If the laptop dies when you unplug the AC, the battery may be dead, regardless of what the system tells you about its state. You can try to put in another battery (assuming we have one) and see if that fixes the problem. If not, note on the Build Sheet that the battery is dead.

If the laptop goes dark when you unplug the AC, it could be reacting as if you had closed the lid, and gone into Suspend mode. If you can wake it, say by tapping the keyboard, then simply note this on the Build Sheet.


If the laptop has a webcam, note this on the Build Sheet.

To test it, you must install Cheese Webcam Booth. From the Launcher, open Ubuntu Software Center, search for “Cheese”, and install it. Once it's installed you can try to launch it. In most cases the webcam will work right off, but sometimes you need to restart the laptop before it will work. In one case, a newer model HP, we needed to install an nVidia driver – and restart – before the webcam would work.

There are also some models of SONY laptops that need a special driver to work with Ubuntu.


A few laptops will have Bluetooth. We test this with a Bluetooth mouse, found in the Lockbox. You will need to turn Bluetooth on first, then Install New Device, test it, then Remove the device from the Bluetooth devices list.

Slots and Ports

By this point you should have noted the number of RAM slots and their type, and the VGA port. There are usually other slots and/or ports that need to be documented.

PCMCIA slot. This is a standard expansion slot found on most laptops. Most often there is only one, less often two stacked one on top of the other. Note the number on the Build Sheet. You can test this slot if there is a suitable PCMCIA card available, for example a USB card.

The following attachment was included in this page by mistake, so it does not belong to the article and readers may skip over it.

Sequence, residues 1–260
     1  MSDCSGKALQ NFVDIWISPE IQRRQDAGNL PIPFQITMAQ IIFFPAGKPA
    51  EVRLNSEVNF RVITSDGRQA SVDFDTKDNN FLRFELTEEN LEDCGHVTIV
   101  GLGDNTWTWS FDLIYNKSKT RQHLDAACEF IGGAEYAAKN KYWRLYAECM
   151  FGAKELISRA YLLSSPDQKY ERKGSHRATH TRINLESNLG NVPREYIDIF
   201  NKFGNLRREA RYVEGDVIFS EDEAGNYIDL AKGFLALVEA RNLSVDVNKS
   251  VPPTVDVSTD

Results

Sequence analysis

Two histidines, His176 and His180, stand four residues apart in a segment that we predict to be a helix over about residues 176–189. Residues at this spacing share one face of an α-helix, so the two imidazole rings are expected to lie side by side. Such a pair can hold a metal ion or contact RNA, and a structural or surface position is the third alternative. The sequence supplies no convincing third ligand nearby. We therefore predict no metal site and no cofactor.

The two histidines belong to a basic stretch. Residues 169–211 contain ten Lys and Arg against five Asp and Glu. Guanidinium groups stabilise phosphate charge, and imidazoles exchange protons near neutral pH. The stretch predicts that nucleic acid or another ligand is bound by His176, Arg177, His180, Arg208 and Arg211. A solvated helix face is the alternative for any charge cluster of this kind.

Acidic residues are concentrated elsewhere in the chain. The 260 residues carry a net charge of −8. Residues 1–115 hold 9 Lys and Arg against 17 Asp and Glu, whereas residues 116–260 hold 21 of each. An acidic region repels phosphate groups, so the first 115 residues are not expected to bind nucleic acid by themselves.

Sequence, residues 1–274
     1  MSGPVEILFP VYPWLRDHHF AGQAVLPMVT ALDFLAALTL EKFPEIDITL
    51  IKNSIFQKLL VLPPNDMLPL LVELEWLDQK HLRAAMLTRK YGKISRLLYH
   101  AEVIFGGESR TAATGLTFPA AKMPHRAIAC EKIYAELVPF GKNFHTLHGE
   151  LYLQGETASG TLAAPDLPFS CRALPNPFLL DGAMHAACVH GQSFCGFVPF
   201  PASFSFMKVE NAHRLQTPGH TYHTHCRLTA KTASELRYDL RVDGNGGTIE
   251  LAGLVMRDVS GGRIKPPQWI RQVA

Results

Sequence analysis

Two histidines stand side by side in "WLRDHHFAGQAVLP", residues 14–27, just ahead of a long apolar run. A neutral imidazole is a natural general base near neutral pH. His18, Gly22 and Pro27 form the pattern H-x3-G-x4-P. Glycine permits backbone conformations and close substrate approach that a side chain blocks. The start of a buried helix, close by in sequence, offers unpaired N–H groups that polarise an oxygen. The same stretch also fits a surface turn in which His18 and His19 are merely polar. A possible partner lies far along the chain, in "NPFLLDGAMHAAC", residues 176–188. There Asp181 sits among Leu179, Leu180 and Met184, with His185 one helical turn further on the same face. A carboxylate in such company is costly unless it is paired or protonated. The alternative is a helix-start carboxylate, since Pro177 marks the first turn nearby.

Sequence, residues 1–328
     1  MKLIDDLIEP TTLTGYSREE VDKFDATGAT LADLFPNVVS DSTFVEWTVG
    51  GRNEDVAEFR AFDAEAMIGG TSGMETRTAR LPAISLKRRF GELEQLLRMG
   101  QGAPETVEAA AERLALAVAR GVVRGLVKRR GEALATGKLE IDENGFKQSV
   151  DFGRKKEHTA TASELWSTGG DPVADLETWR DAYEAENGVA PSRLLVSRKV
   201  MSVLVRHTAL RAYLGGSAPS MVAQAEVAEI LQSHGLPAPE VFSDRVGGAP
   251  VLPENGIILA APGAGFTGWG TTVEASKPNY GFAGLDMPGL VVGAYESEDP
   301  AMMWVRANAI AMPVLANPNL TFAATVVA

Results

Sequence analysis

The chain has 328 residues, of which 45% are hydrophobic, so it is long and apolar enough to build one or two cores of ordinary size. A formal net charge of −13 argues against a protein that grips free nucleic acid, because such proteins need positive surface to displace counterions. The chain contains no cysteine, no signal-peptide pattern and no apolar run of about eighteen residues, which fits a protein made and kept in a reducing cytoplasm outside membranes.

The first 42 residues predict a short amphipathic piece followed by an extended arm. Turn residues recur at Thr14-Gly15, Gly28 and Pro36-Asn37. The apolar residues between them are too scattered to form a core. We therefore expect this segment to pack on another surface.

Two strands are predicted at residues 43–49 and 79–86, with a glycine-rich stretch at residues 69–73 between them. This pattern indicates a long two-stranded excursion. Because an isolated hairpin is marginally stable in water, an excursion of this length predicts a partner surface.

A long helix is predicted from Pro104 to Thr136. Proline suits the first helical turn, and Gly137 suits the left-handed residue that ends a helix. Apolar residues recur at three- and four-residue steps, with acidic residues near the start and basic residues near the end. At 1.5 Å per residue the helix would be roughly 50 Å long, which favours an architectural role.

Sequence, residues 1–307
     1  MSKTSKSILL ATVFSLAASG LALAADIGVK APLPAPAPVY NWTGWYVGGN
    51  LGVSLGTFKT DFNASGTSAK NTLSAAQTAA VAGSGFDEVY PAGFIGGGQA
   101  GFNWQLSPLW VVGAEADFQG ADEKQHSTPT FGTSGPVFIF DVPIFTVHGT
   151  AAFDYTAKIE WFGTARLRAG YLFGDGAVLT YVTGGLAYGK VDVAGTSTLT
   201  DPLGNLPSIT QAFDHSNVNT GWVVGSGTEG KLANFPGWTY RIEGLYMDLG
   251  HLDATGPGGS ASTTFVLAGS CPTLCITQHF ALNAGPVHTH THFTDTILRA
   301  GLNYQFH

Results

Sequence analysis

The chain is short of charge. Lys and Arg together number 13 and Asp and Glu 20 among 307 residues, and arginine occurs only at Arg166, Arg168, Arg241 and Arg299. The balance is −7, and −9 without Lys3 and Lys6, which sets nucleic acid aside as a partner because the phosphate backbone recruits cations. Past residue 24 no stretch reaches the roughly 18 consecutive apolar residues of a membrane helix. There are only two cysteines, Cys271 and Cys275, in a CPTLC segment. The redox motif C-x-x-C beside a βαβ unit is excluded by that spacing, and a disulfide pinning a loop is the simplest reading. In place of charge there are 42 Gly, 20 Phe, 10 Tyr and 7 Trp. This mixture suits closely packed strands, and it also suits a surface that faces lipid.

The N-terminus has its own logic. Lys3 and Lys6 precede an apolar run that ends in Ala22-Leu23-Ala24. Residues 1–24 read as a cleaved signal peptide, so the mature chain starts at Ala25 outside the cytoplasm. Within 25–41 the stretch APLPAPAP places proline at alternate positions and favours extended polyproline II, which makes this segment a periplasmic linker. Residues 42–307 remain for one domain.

SD slot. This a slot for a memory card, such as you find in a digital camera. It is often difficult to spot, being under the rim or even hidden under a removable rubber protector. Test this with our sample SD memory card, found in the Lockbox. Simply push the card, label up, into the slot until it clicks. You should see it appear on the desktop and open. (It's full of astronomy pictures.) Close the window and Unmount the card from the Launcher, then remove it.

DVI port. This is a video port for an external monitor, sometimes in addition to the VGA port, sometimes instead of. We have adaptors that will fit on the VGA cable, so you can test this just as you would the VGA port.

HDMI, S-Video, Firewire, Express Card, HP Expansion Port. Currently we have no means of testing these. Simply note them on the Build Sheet under Other.

Memory Test

The last thing to do is the Memtest. It's time-consuming, which is why we leave it to the last. You can start your Memtest and go on to something else while it's running.

To run the Memtest you need to enter GRUB (Grand Universal Bootloader).

To begin, power off, then restart. When the laptop's logo screen goes away, press and hold down the left-hand Shift key. Wait until you see “Grub loading”, and keep holding the key down. Soon a menu will appear. Pick the third choice, Memtest, and press Enter. The Memtest will begin and you can walk away. Check back in 15 to 30 minutes to see if it has completed.

In rare cases a machine will refuse to run the Memtest. All you can do with these is pull out the RAM, put them in another machine, and test them there. (We may also have pre-tested RAM available.)

Finish Up

Check the Build Sheet to make sure you have filled in all the details and checked all the boxes. Ensure you have removed all OS stickers, both on the top and bottom of the machine, and cleaned off any glue or scum.

Clean the machine with either alcohol or lens cleaner, paying special attention to the screen, touchpad, keyboard, and any dirty spots.

Fill out a System ID sticker with your first initial, volunteer number, and the build number (i.e. If this is your 25th build, the build number is 25) and stick it on the bottom of the machine in a sensible spot.

Put a yellow dot on the Build Sheet, to indicate that the build is finished. Tape the Build Sheet to the laptop lid, coil the AC Adaptor cords, and tape them to the laptop. Put the whole assembly on the shelf labelled Ready to QC.